How You Can Get Your EDR Right

How Your Enterprise Can Get Your EDR Right

Endpoint detection and response (EDR) is perhaps one of the most compelling and pivotal cybersecurity capabilities in modern endpoint security. Endpoint protection platform providers have made major moves in 2018 to introduce new EDR capabilities to their solution platforms or to acquire other providers who offered strong EDR in their solutions.

Moreover, Gartner—one of the most recognized technology research firms in the industry— considers EDR to be one of the key capabilities of evaluation in their Magic Quadrant reports for Endpoint Protection Platforms.

The reasons why are apparent with a quick look at the current endpoint security market. Unfortunately, even the most secure digital perimeter cannot repel or deter 100% of modern cyber attacks and threats. Eventually, a threat will enter your enterprise’s network, thereby shifting the priority in cybersecurity from protection to detection and remediation. EDR allows endpoint security solutions (which are primarily focused on the perimeter) to perform threat detection and mitigation on potentially infected networks. It adds a vital layer to enterprises’ InfoSec perimeter.

However, EDR is not a simple technology. It requires time and attention from your security team to function at optimal levels. Without the proper maintenance and threat intelligence, EDR will not be able to catch the threats constantly bombarding your network. Furthermore, EDR can run into the same false positive problems as their SIEM counterparts, wearing out your security teams with false alarms.  

If your team plans to implement it, your enterprise needs to get your EDR right. But how?    

To Get Your EDR Right, Know What You Are Protecting

It is easy for security teams to ask the big picture questions in cybersecurity when deploying a new technology or endpoint security solution:

  • How will we deploy EDR across the entire enterprise?
  • How long will it take?
  • How will we foster adoption in our employees?
  • How will it integrate with our current endpoint security and other cybersecurity solutions?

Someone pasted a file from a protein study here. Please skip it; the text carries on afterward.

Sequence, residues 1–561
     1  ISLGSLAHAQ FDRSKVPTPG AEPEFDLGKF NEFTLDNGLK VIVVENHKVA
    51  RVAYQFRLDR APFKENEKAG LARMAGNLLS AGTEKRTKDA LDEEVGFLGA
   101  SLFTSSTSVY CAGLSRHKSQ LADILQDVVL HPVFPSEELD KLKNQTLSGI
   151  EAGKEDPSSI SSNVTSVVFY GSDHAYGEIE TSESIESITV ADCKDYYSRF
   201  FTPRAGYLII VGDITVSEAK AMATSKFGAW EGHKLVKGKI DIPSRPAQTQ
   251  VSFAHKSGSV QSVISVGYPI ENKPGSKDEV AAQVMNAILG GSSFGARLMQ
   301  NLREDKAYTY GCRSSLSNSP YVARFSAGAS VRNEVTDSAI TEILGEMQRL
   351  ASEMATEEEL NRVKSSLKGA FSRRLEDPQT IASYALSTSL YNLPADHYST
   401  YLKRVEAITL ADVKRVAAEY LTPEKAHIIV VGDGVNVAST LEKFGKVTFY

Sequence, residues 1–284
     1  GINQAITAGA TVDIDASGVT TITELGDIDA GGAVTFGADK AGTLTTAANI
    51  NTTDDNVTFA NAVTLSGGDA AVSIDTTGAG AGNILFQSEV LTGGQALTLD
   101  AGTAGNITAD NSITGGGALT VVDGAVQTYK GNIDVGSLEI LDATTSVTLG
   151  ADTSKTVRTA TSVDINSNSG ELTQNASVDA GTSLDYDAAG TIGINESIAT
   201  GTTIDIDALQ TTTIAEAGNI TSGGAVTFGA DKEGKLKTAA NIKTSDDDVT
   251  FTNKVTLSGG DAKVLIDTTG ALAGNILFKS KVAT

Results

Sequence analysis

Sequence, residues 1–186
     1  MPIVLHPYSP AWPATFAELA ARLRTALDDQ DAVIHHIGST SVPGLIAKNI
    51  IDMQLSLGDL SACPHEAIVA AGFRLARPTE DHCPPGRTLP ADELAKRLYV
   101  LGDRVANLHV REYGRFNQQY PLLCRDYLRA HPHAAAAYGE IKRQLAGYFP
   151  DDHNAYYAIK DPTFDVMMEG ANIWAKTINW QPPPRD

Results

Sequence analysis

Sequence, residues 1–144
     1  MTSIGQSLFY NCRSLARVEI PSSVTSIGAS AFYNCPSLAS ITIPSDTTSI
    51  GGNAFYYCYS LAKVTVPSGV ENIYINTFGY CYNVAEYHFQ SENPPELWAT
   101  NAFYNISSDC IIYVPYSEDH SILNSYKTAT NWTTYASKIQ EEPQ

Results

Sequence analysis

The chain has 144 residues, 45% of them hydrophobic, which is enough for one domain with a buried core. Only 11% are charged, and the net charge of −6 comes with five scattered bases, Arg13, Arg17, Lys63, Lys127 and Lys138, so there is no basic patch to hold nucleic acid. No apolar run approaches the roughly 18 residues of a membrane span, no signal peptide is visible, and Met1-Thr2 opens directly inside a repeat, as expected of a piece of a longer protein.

To be sure, these are important questions to ask. However, asking these questions might be thinking too far ahead. To get your EDR right, you need to instead ask what you wish to protect with this new capability.

Like all of cybersecurity, you do not need to deploy EDR all at once across the entire network. In fact, it may be wiser not to deploy widely at first. Starting small and focusing on protecting the most important digital assets and databases will enable your security to get an understanding of how EDR integrates with your current technology, how it functions, and how it can be optimized effectively. With that knowledge, deploying it further afield will prove much easier.

Integrations Matter in EDR

When it comes to how to get your EDR right, we mention technological integration a fair amount. This isn’t an idle consideration: EDR works best when paired with other cybersecurity solutions such as SIEM, identity management, or threat intelligence. Only through these technical incorporations does EDR’s detection and remediation perform optimally, and they can only be achieved with proper vendor integration.  

On the other hand, integration issues can hamper your cybersecurity efforts overall due to technological clashes, new vulnerabilities, and security gaps. EDR is not a solution to technical problems.

Improve Your Endpoint Visibility

You cannot protect what you do not know is there. If you intend to get your EDR right, you need to take the steps necessary to increase your network and endpoint visibility. After all, the average IT environment boasts far more devices connecting to it than employees; it often includes remote workers and the IoT (which can be notoriously difficult to find on security networks). Secure your unmanaged devices and work to maintain visibility even as your perimeter expands.  

Ben Canner
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Ben Canner

Editor, Cybersecurity at Solutions Review
Ben Canner is an enterprise technology writer and analyst covering Identity Management, SIEM, Endpoint Protection, and Cybersecurity writ large. He holds a Bachelor of Arts Degree in English from Clark University in Worcester, MA. He previously worked as a corporate blogger and ghost writer. You can reach him via Twitter and LinkedIn.
Ben Canner
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